Looking further forward to 2050, the analysis found that around $21 trillion of capex would need to be invested by the private sector in  high risk projects; investment which would not pay for itself in a world where demand is lower and that continues to take climate change and air quality seriously. The CTI research shows that oil production requiring a market price above $75 per barrel would take the world beyond 2°C of warming, based on a reference scenario of continued business as usual consumption of the main fossil fuels -coal, oil and gas.

Investors have already started engaging with listed oil companies regarding concerns over carbon asset risk. The CTI analysis shows that the private sector is the major player in funding high cost oil production, where national oil firms have limited interests. The answer for investors to help mitigate these risks is to demand capital discipline from oil majors. This requires a refocus on shareholder value, instead of a pursuit of production volume. Practically, that could see returns to investors through buy-backs and dividends, rather than investments in high-cost oil exploration.

Paul Spedding, a former-HSBC Oil & Gas Sector Analyst, said: “Many investors are concerned about the growing amount of capital that the oil companies have thrown at low return, carbon heavy projects. The majors’ strategies need to be challenged. As this report shows, returns are falling and costs are rising. To reverse this, a greater focus is needed on higher return, lower cost assets. If this means lower capital investment and higher dividends or buybacks, so much the better. This analysis is important as it provides the data investors need to challenge proposed investments on the basis of returns as well as carbon content.”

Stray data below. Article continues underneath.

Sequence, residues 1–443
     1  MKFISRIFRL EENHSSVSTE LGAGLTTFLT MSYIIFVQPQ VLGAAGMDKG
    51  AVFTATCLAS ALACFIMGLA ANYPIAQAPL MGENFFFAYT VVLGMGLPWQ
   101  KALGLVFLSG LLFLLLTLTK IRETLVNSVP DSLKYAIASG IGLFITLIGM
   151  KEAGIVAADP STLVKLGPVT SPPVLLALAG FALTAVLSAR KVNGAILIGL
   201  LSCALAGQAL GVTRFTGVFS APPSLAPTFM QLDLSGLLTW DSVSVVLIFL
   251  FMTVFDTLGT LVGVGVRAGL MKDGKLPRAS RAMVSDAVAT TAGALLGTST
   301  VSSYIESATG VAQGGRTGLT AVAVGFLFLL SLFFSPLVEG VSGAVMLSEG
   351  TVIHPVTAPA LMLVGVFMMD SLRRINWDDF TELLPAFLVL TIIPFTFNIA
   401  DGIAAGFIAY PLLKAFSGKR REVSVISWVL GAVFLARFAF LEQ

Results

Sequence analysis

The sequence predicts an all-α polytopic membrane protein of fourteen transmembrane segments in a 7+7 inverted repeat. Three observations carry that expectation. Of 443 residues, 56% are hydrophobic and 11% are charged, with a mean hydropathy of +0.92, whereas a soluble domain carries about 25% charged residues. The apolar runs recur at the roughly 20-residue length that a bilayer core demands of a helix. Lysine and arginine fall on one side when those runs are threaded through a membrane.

For the smaller independents, a large number of such companies have exposed more than half their potential capex to 2025 to high cost projects requiring over a $95 oil price. A low demand/price scenario challenges the business model of these companies. Focusing on some of the more specialist deepwater or oil sands players may represent a new target group for engagement by investors.

The report enables comparison of which companies have the highest levels of potential capex over the next decade in Arctic, Oilsands and Deepwater provinces. And the analysis indicates the largest companies with the majority of their capex at the high end of the cost curve.